This will start working only when it becomes popular, and I think it will become popular, if we sign of like this as a habit.

I'm asking for too much from the bloggers of the world, but hey, it's a cool tool. And it belongs to no one.


Posted by: Rohit Gupta on 10 Nov 04

I've gone ahead and posted a very slightly modified version of your blog post to fill out the Wikipedia article. I couldn't find any copyright notice on your site, so I'm not sure how you feel about that. I'm just guessing that by "Please improve this model for me at the Wiki" you're giving permission. We'll see what the Wikipedia folks have to say about it.

I don't think we should try to constrain the suffix. It might be a good idea to come up with a list of 20 or so "standardized" opinions. If this idea really does take off, then it should be possible to build a search engine that will automatically take synonyms into account (searching for "cummingsMyGreat" would automatically also search for "cummingsMyGood").

I think we should also try to come up with examples of the Identity not being "My". For example: QuantumMechanicsEinsteinWrong.


Posted by: Aaron on 10 Nov 04

Aaron,

I'm still thinking what the implications to search will be, if we use non-My Identity grams. You may have just found the key to applying this in small e-voting environs. How about you and I try to simulate an election through this somewhere?

It could almost be a new lingo to express opinions that can be tracked on the visible internet.

So do you think we should start standardizing opinion responses? That would help, since then it MAY eliminate the need for a synonym-enabled search engine.


Posted by: Rohit Gupta on 10 Nov 04

I've written the Wiki in more detail, and I've taken out any sentences in first person. I'm hoping they will accept it now.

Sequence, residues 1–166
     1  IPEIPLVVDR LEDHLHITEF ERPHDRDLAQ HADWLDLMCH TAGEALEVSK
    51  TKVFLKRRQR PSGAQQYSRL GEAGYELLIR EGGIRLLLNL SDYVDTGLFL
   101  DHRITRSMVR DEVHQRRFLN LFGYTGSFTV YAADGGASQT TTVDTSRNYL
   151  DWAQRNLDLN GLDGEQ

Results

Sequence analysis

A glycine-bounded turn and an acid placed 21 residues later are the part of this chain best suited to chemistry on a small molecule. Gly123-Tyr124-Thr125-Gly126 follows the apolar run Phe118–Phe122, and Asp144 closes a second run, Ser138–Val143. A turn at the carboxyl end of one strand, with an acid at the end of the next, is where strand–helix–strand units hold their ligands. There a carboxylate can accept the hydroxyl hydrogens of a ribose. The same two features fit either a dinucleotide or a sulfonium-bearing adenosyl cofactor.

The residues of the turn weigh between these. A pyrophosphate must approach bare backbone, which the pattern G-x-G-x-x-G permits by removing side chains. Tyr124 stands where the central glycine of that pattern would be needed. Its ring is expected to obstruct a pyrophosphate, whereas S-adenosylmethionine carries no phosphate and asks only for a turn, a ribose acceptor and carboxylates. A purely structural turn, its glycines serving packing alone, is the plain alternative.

Posted by: Rohit Gupta on 10 Nov 04

I can't make any sense out of this post at all; it feels a bit like reading the output of a Markov chain generator. Would someone who understands what this is all about mind explaining? I can't tell what problem it is that needs to be solved, where this new "LinkMyMind" format is specified, what it is supposed to do about whatever the problem is, or who is supposed to use it and with what software.


Posted by: Mars Saxman on 10 Nov 04

I think this should be now made clear here, what I posted on te Wiki: "LinkMyMind is a scheme for voicing and searching for opinions online. This is a complete flip-side of convential electoral processes which reduce the individual to a statistic by representing him as a vote.

In this case, the individual is treated as a cluster of opinions, and 'public opinion' is treated as a signal being extracted from the noise of opinions."

Also...

"The idea also stems from the art of creating unique, non-existing words that can be tracked on the internet in relation to specific content.
For instance, Lawrence Lessig invented the word 'enblogment' to take a partisan stand for Kerry, and the meme was growing prior to the 2004 elections."


Posted by: Rohit Gupta on 10 Nov 04

Ahh, now I think I get it. Thanks for the clarification.


Posted by: Mars Saxman on 11 Nov 04

I don't know that this could be used in any kind of official election. It would be way to easy to stack the votes.

Another example of where it could be used are product reviews. For example, I own a Roomba, and I think it's great. I'm not sure if that should be written as RoombaIsGreat or RoombaMyGreat (because it's my opinion). Either way, someone could search for RoombaIsGreat and RoombaIsBad and get a feel for what people think about Roomba. You could dig deeper by viewing any of the pages that the search engine turns up.

I wonder if this project would work better as part of the semantic web.


Posted by: Aaron on 11 Nov 04

re IsGreat/IsBad: but people *already* do that, without any of this - http://srom.zgp.org/ is an old classic, and there was the "Tool Of Object Truth" (which doesn't seem to be around anymore - kittenfight is a more modern version.) They key is that they use the fact that many people already have a way to express these opinions - the English Language (and yes, english is overrepresented on the net - because the net is like that, not because of invented syntax...)


Posted by: Mark Eichin on 11 Nov 04